In a recent post, I addressed the issue of undeliverable as addressed (UAA) mail, and how brands, businesses and other mailers lose more than $1 billion a year by not getting their mail addressed properly. It's a solvable problem. Both the USPS and the DMA have made public commitments to reduce UAA as an industry goal, both of which would help marketers and their bottom lines. Progress toward UAA reduction, however, has not been uniform.
As database marketing shifts to alternate forms of list building using cooperative databases and crowd-sourced lists, the world of the list broker is also changing. List brokers are transitioning from purveyors of response databases, tailoring a handful of subscriber lists to marketers' broad needs and taking a 20 percent cut of proceeds, to more full-service marketing consultancies where list rentals are only part of their offerings.
Any list professional worth his or her salt knows that data cards are just a starting point in doing list research, but that doesn't mean their role is inconsequential to list managers and list owners. To maintain a high degree of quality list information for brokers and marketers, list marketing/research services provider NextMark, based in Hanover, N.H., has developed a ranking of list managers that use its data card publishing tool called the NextMark Top 50.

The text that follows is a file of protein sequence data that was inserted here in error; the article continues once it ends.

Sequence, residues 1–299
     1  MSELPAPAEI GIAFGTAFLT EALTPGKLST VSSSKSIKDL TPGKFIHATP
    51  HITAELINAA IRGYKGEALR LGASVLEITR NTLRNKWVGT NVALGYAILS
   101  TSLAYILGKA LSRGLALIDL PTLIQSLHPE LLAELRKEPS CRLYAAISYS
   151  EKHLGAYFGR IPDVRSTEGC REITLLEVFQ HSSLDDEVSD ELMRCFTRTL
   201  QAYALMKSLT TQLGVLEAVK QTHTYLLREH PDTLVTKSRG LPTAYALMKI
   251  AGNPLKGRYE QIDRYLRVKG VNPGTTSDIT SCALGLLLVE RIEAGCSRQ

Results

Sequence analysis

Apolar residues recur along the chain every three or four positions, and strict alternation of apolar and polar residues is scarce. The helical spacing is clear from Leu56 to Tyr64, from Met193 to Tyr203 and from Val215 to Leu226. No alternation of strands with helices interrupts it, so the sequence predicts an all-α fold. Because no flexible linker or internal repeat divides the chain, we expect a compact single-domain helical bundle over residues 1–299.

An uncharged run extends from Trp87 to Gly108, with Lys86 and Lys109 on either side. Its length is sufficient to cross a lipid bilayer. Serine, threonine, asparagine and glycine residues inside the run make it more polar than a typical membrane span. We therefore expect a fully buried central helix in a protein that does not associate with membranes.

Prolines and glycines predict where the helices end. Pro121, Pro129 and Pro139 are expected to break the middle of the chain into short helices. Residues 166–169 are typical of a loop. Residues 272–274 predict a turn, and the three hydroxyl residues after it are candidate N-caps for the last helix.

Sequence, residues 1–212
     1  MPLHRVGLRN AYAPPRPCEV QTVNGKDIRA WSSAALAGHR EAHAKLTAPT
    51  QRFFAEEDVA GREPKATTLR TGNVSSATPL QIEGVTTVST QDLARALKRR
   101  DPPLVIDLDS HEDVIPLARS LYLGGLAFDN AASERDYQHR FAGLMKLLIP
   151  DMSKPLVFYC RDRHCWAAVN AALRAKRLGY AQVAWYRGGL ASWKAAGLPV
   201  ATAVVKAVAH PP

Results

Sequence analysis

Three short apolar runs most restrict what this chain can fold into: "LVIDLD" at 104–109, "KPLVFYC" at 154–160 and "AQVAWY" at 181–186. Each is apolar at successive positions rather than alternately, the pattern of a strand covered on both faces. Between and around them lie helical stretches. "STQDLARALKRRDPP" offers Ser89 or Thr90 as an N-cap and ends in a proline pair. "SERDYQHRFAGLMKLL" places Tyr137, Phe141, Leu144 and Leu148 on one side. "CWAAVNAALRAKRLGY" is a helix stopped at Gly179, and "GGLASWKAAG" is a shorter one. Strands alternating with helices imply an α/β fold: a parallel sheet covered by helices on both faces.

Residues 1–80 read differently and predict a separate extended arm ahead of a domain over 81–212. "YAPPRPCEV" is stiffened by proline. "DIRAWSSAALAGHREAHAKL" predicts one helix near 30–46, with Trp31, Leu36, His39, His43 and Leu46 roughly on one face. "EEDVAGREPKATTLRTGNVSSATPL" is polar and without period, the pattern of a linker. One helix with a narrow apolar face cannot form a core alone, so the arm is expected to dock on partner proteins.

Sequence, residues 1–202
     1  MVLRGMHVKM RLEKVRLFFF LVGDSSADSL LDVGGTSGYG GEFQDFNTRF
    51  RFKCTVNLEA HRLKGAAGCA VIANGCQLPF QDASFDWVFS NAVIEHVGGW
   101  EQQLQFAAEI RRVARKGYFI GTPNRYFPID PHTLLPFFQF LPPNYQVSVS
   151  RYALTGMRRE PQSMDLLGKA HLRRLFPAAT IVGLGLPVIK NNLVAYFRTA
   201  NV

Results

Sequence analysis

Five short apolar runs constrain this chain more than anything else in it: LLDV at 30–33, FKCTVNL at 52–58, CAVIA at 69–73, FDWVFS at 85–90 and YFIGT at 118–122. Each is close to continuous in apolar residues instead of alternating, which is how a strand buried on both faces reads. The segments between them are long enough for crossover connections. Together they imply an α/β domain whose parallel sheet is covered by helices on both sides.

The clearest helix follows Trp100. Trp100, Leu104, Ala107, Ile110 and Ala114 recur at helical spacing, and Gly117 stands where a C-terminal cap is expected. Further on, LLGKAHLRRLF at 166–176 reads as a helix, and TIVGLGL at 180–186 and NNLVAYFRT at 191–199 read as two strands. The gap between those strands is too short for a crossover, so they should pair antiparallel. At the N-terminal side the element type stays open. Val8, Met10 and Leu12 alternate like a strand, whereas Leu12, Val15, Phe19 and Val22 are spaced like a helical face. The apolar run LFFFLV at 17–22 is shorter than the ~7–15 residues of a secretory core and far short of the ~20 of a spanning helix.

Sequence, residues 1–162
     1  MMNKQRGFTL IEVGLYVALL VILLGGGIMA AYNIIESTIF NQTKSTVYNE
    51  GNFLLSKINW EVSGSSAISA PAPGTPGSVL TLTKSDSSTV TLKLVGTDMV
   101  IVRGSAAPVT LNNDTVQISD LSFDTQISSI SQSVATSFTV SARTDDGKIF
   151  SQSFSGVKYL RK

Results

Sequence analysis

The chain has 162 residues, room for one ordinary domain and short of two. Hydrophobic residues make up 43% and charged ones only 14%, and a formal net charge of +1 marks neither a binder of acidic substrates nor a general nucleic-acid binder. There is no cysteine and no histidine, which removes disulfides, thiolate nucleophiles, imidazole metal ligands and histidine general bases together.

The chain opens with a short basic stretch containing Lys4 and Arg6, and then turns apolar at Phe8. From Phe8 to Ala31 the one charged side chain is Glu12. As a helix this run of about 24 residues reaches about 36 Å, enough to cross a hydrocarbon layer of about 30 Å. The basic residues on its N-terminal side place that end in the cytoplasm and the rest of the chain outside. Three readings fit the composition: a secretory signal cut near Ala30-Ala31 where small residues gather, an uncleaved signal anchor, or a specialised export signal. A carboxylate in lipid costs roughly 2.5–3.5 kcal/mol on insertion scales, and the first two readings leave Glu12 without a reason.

For decades, marketers have shaped their direct mail programs around the knowledge that the most recent customer or lead names to come onto a file, called a hotline, are the most responsive to be had in the marketplace. But now that we're marketing in the Internet age, with access to hotline segments on e-mail lists as well, has this select lost any of its luster?
"In America, you have the watches but no time. In Nairobi, we have the time but no watches." That's a familiar quote I heard recently from "Evans," an international student from Kenya who is currently enrolled at the Tuck School of Business at Dartmouth University. He got me thinking about the economics of marketing in the U.S. and how the proliferation of social networks has influenced media consumption and business user engagement. Although it is rarely thought of in this context, the rise of social marketing is rooted in basic economic principles. When the price is "zero," the laws of supply and demand often are ignored, but they still are relevant.
Given the consideration that revenues from list rental may offset losses from other areas on a direct marketer’s income statement, would a slowed economy in 2009 bring more new lists to market? Many would like to think so, but the hypothesis needs to be tested and getting to the answer is not that simple.
Direct marketers are finding out that when it comes to business intelligence, you may actually get more from what you don’t pay for. As risk tolerance changes with the economy, so does the level of financial accountability. Pencil sharpeners battle with creative minds over the beta for ROI calculations, while marketing budgets often take the biggest hit—a financial compromise that’s far from optimal. Many direct marketers are left to find answers in the public domain, leading to the rise of “direct marketing freeconomics.” The supply of online information has increased exponentially since the turn of the millennium—and demand has certainly kept its pace, as